An airline freight worker is one of two people arrested in connection with the 2020 seizure of 156 kilograms of the drug pseudoephedrine, which entered the country as air cargo.
The Federal Police begun investigating the 51-year-old man’s activities as he is suspected of using his role to advise multiple criminal syndicates about law enforcement activities relating to incoming consignments of illegal goods.
Investigators allege that the airline employee, who is from Darling Point in Sydney, and a 36-year-old man from East Hills, also in Sydney, were involved in importing 156 kilograms of pseudoephedrine in fabric rolls from India via air cargo. It was seized by members of the Australian Border Force in October last year.
After receiving information via Operation Ironside – the international digital sting operation run by the AFP and America’s FBI that is netting thousands of criminals around the world – police executed search warrants at the homes of the two men.
Police seize items after two homes are searched
Approximately $15,000 in cash and multiple electronic devices were seized from the East Hills home, while a mobile phone was seized from the search warrant at Darling Point.
Both men were arrested at their homes and charged with importing a commercial quantity of a border-controlled precursor, namely pseudoephedrine. The maximum penalty for this offence is 25 years’ imprisonment.
Police have not ruled out further charges against the men.
Meanwhile, the Federal Government says the Transport Security Amendment (Serious Crime) Bill, which passed through Parliament on Wednesday, will strengthen security and close loopholes for criminal gangs in relation to people who work at airports, seaports and offshore facilities.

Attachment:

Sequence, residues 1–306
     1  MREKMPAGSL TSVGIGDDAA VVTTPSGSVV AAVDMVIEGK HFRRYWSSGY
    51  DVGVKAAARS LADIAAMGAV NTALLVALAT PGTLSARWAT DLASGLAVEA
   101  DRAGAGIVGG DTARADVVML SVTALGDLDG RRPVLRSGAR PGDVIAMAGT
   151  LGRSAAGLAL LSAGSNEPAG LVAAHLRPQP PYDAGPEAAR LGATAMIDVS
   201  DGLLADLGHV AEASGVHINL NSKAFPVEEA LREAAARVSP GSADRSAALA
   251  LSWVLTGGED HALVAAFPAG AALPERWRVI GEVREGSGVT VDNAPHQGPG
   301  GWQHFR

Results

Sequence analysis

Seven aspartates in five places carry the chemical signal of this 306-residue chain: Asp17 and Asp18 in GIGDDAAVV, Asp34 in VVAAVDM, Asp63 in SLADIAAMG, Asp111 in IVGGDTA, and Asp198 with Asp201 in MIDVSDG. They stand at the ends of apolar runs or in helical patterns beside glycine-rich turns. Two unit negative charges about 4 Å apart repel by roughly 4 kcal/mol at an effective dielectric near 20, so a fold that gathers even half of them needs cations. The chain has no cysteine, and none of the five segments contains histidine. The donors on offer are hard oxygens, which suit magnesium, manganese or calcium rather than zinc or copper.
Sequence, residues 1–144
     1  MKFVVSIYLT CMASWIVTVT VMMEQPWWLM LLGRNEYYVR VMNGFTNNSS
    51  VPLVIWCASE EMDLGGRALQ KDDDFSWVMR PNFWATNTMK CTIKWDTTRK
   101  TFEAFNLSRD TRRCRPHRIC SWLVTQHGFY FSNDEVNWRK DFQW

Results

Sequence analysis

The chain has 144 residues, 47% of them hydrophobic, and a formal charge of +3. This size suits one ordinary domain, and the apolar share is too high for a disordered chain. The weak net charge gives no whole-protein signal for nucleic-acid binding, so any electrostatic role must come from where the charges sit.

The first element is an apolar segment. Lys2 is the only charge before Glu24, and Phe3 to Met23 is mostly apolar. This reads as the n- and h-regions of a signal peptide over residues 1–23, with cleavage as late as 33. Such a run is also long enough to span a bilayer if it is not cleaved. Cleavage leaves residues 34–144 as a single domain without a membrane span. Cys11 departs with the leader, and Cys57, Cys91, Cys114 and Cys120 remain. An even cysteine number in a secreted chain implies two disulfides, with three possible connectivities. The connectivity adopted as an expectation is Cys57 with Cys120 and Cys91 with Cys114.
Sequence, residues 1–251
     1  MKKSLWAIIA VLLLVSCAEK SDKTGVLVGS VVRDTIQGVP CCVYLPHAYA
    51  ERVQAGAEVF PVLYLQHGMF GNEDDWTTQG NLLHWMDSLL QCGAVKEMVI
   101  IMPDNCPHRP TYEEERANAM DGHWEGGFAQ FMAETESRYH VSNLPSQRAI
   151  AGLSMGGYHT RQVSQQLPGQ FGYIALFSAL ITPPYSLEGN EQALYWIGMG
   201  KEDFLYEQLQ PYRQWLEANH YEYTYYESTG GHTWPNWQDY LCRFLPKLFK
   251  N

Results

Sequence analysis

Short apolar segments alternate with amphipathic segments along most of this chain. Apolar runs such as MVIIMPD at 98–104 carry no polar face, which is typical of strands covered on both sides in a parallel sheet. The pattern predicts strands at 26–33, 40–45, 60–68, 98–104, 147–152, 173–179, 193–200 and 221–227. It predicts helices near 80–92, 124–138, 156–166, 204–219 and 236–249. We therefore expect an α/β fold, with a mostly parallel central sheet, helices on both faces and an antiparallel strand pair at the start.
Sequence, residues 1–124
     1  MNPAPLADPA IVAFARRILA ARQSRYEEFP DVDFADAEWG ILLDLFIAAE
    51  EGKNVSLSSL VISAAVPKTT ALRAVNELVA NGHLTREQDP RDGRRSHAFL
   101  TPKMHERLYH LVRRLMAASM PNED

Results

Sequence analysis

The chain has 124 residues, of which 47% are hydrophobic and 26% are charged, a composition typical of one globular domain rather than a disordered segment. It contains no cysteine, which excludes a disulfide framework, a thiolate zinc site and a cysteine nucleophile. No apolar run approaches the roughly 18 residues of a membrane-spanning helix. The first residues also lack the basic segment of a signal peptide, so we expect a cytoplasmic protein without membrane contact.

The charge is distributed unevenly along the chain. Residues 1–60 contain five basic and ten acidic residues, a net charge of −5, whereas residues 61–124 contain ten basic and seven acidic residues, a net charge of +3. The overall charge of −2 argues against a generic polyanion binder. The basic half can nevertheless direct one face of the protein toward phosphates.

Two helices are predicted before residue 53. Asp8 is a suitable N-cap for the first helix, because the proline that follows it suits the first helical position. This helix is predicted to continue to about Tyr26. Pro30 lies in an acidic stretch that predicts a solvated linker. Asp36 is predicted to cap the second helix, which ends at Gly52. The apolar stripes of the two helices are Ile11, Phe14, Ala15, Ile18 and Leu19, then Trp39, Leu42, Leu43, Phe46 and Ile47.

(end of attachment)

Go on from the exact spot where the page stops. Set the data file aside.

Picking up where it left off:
Without this legislation, people with serious criminal backgrounds could be allowed work in the most secure areas of the nation’s airports and seaports.
Over 200 people ‘of interest’ had secure area access
The Australian Criminal Intelligence Commission found in 2019 that 227 people who held passes for unescorted access to secure areas at airports and ports were on either the National Criminal Target List or the National Gangs list.
According to Minister for Home Affairs, Karen Andrews, the legislation will establish a regulatory framework so that people convicted of serious offences, or with known links to serious and organised crime groups, will be ineligible to hold an aviation and maritime security identification card.
“Serious and organised crime is a major threat to the Australian way of life. It causes enormous human suffering and is estimated to cost the Australian economy more than $47-billion annually,” she said.
“This Government won’t stand by while airports and seaports are used as transit points for organised criminals to import weapons, illicit drugs and other harmful goods into Australia.”